‘Eternals’ movie review: Action is good, but the screenplay felt it needed improvement. An army of superheroes but not one worth cheering for.
The world, as we know, it is over. Thanos exterminated humanity after snapping his fingers, leaving the door open to future possibilities of superheroes and parallel galaxies to decide how to salvage whatever is left on the blue planet. In Eternals, the fight is not so much to resurrect life on earth to protect it from the evil forces called Deviants. Unlike The Avengers and what they set out to do, the 10-member team of Eternals has one single reason to exist – protect humanity and lead their evolution. However, the plot isn’t as simple as it may sound on paper.
The latest set of superheroes to be added to the Marvel pantheon are aptly godlike. The Eternals – 10 of them for the purpose of the new movie and more as promised by the mid-credits and post-credits sequences – have protected humankind for millennia. Babylon, Hiroshima, and even the Gupta period: the Eternals have been present through good times and bad, keeping a balance between humankind, their own creators known as the Celestials, and the malevolent aliens known as the Deviants. A crisis forces the Eternals scattered across the world to reunite and reassess their relationship with the Celestials and their adversaries.
Indian viewers may get a kick from the marigold wedding, the Eternal named Kingo (who is apparently some kind of a Hindi movie star, although he can barely hold his own on the dance floor), and Harish Patel as Kingo’s Hindi-spouting “valet” (we would have called him a manager).
There’s also a touch of Bollywood to the family-above-all-else theme. The 155-minute Eternals has been directed by Chloe Zhao, beaming herself into the Marvel Cinematic Universe after an Oscar for the gritty road movie Nomadland. Zhao, who is also among the several writers, can possibly be credited for the multi-ethnic cast, the prominence given to female characters, the first gay and first deaf Marvel superheroes (the latter played by a deaf actor), and the concerns over genocide and warfare.
But the real honors go to the visual effects and action teams. Good in the showing and poor in the telling. Eternals soars when superhuman abilities are in full flow and sags when the tortuous back story has to be explained (which is frequent).
The enthralling action set-pieces have to be parsed from in-between awkward moments in which characters stand around waiting to explain themselves. The wildly inconsistent tone moves from laugh-out-loud to deadly earnest, sometimes right in the middle of a scene.
At its best, the diversity of faces and inclusivity of thought acknowledge how far Marvel movies have come. At its most cynical, the casting of actors who represent each of the important markets for Marvel produce is a nifty ploy to ensure a connection with audiences in any corner of the world.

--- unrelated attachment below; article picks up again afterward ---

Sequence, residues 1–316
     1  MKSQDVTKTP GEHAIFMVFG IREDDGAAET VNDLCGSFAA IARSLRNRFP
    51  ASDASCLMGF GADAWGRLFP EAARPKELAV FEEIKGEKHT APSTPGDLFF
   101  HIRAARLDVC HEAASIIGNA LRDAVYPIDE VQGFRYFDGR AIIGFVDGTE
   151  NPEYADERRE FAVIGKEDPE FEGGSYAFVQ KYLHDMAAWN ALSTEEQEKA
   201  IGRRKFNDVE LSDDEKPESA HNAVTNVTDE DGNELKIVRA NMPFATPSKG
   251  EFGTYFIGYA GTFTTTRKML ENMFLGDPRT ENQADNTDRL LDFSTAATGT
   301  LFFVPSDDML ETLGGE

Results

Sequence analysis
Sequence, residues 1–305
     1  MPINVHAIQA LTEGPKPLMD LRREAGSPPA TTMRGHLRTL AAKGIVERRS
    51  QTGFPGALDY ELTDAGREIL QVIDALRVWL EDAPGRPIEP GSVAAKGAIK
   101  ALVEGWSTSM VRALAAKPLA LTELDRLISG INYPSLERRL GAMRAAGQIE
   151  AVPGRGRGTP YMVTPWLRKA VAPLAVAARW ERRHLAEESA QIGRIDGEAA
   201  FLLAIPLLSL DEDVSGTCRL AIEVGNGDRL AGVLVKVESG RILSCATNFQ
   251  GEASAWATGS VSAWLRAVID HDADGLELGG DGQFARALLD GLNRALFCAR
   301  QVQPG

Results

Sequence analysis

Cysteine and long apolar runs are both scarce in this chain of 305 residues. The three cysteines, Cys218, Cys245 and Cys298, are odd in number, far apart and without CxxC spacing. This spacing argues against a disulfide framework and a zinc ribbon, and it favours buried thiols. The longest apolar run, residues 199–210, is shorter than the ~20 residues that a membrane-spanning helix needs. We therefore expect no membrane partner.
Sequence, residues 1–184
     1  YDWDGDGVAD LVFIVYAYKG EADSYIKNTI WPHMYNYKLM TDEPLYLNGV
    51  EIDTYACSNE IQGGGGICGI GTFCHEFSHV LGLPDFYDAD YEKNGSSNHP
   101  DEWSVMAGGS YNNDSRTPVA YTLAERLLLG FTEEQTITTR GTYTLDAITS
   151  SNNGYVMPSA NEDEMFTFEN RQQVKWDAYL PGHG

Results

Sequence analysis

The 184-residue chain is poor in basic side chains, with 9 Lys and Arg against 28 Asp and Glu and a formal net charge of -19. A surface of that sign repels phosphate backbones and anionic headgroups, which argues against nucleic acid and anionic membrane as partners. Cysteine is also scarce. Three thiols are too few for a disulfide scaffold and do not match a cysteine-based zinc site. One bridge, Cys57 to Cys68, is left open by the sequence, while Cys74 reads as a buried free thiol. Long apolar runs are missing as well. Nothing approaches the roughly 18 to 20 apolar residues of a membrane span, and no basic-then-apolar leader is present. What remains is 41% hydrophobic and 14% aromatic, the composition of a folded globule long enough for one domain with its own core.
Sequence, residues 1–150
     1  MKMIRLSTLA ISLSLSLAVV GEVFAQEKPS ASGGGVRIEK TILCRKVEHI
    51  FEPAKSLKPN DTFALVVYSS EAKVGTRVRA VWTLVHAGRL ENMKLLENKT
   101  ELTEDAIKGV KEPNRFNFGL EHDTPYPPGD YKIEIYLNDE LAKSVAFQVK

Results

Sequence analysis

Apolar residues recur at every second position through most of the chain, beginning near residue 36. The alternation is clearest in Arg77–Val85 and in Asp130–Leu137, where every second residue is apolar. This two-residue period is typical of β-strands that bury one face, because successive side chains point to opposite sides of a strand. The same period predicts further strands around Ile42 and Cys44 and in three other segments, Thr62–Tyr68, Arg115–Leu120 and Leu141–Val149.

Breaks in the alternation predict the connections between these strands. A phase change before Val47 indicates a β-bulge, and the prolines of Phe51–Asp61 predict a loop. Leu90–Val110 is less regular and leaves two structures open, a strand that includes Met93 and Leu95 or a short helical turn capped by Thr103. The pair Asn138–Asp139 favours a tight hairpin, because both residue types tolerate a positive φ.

The actors with less screen time make a more significant impact. Brian Tyree Henry, Barry Keoghan, Lauren Ridloff, and Lia McHugh are more impressive than the nominal leads Gemma Chan and Richard Madden. Kit Harington, along with Madden and composer Ramin Djawadi represents the movie’s Game of Thrones connection, furthers his claim to romantic lead status. The effortlessly jovial Harish Patel outshines Kumail Nanjiani in every one of their scenes together.
But is Eternals as good as The Avengers, and does it hold a candle to the franchise? The answer is a solid – no!
To begin with, Eternals has a run time that exceeds two and half hours, only second to the almost three-hour runtime of Avengers: Endgame. However, the issue is not the length but director Chloe Zhao’s struggle to weave in as many backstories and subplots as possible to give the A-list star cast its due.
Visually, Eternals is stunning. No frame is without imagery, and the action scenes, especially the opening montage, are stunningly choreographed. That said, when it comes to building up characters that hold interest and subplots that you can actually invest into, the film falters.
Eternals tries to be everything but ends up coming close to being nothing. The comparisons to Avengers only make the experience worse. However, there are fleeting references to Avengers, and every time you hear a familiar name, you can’t help but plaster a big wide grin on your face.
Eternals could have worked had it spent as much time in the writing room as in the VFX studio. But, for fans of the Marvel franchise, Eternals is no Avengers, don’t go walking in with too many expectations, and you might have a decent time. Eternals has an army of superheroes but not one worth cheering for. Maybe next time?